Lori Ellison ( 1958-2015 )
In Richmond, Virginia, there once was a gallery named RAW for Richmond Artists Workshop that had an exhibition of many works entitled Small Art Goes Directly to the Brain.
If one is lucky, “Small Art” goes directly to the heart. For this, it must be humble and on a suitably modest scale—in this way some work can be crowned “Great.” (Golda Meir once said, “Don’t be humble, you aren’t that great.”) To work with humility, one must acquire some of the practical virtues artists need: diligence, temperance, modesty, bravery, ardor, devotion and economy.
To work with humility, it is better to strive for: the communal, if not the downright tribal; for wisdom in choices rather than cleverness; good humor in practice; and practice as daily habit. Phillip Guston famously said he went to work in his studio every single day because what if he did’t and “… that day the angel came”? Henry James once said, “We work in the dark, we give what we have, our doubt is our passion and our passion is our task.” Doubt is humility after a long long apprenticeship.
Small works dance a clumsy tango with one’s shadow. Huge works can ice skate over one’s nerves, file under fingernails on a chalkboard —I can just hear the screeching.
If our work is so small and reticent that one doesn’t enter the space of the painting, no mind —we just might be making work that enters straight into the viewer’s chest. I am weary of art that tickles my forehead for an instant and is gone—I am looking for the kind that thrums in my chest and lodges there, in memory, like those souvenir phials of the air of Paris Duchamp proposed.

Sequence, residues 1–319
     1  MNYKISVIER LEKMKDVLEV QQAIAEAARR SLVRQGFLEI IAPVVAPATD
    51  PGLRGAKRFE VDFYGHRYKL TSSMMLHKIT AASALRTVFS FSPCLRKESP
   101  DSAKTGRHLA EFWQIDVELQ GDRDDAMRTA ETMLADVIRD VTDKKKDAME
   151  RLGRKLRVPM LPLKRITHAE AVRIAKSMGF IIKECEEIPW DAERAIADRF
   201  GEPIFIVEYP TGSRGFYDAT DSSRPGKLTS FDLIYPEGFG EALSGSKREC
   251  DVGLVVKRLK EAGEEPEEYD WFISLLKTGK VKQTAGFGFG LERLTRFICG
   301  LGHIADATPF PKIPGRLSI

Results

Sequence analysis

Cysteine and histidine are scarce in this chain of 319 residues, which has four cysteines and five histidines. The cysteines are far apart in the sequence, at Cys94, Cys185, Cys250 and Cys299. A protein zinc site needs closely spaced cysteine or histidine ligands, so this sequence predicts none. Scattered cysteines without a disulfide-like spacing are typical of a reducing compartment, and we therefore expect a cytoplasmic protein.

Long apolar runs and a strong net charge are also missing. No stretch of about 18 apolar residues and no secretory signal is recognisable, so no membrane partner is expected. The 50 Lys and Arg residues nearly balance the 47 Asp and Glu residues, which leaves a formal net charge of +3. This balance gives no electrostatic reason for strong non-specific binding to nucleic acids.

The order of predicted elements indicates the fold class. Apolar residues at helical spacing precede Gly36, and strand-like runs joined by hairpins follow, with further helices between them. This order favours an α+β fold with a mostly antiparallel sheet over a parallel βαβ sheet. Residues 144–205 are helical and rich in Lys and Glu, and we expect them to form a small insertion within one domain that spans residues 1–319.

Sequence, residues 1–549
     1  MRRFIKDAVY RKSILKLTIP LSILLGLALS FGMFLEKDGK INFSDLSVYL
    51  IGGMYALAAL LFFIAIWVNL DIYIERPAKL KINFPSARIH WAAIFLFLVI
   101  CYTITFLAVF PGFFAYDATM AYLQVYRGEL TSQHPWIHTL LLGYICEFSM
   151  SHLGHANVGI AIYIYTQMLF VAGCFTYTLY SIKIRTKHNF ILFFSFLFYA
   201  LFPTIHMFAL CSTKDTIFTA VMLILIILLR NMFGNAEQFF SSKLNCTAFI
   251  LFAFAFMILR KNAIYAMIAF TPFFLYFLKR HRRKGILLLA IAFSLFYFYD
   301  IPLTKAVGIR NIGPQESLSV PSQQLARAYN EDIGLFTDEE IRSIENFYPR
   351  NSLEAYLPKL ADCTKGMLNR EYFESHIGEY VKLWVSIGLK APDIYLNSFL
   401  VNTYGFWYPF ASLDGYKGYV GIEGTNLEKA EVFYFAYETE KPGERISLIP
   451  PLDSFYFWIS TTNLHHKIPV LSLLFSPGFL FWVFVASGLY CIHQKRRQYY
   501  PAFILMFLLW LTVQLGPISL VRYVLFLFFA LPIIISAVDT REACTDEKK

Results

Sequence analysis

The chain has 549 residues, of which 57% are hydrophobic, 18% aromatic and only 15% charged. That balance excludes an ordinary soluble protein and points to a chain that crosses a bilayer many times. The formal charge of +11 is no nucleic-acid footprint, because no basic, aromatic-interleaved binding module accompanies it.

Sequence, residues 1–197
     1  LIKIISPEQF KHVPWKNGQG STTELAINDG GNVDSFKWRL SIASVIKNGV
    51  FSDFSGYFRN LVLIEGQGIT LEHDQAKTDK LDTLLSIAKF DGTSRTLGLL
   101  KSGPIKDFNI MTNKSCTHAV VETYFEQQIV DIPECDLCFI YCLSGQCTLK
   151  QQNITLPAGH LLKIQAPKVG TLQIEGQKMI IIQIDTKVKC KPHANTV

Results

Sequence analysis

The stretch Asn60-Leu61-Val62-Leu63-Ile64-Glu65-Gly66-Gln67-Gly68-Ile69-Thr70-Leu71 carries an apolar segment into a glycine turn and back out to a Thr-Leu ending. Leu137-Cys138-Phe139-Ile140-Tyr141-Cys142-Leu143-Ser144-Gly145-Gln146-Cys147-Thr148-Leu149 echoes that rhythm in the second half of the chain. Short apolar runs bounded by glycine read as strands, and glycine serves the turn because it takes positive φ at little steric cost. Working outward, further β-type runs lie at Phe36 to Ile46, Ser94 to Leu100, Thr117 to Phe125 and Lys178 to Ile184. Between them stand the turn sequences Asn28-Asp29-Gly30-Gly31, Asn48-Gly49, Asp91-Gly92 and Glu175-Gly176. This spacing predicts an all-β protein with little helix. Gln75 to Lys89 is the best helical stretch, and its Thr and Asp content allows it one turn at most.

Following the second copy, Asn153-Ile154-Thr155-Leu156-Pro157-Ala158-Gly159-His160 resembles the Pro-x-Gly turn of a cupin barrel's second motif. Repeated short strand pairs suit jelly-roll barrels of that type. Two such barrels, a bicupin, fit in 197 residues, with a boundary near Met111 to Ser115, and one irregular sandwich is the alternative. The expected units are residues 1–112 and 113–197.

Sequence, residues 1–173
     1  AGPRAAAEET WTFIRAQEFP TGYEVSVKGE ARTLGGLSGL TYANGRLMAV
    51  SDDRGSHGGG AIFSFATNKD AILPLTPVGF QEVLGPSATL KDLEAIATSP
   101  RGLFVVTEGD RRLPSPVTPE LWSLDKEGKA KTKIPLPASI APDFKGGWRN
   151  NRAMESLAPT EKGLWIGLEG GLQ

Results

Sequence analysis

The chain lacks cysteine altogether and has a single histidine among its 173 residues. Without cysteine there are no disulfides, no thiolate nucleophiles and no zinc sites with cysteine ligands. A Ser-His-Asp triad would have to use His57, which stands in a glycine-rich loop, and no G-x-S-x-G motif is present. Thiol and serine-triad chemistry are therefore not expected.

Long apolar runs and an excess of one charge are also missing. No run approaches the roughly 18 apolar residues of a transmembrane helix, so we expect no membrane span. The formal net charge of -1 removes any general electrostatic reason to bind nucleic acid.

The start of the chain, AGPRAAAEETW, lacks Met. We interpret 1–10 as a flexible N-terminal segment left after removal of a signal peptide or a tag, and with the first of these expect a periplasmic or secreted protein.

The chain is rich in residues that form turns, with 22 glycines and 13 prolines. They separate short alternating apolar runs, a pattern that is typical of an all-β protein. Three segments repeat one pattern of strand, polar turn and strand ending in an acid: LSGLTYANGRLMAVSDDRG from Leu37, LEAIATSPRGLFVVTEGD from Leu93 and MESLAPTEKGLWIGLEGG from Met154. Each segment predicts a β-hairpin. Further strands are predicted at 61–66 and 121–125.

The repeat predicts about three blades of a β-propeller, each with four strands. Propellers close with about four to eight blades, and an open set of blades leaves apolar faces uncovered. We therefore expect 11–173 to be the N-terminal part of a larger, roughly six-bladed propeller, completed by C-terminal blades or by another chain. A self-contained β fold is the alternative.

Proportion based on the lyric, not the epic—that is where the juice lives. Stirred, not shaken. Duchamp once said that art is the electricity that goes between the metal pole of the work of art and the viewer, and I don’t need shock treatment. Art that is the size and resonance of a haiku, quiet and solid as the ground beneath one’s feet—not art that wears a monocle and boxing gloves in hopes of knocking other art out of the room.
A discrete art, valiantly purified of the whole hotchpotch of artist’s tricks and tics.
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McKenzie Fine Art, New York, New York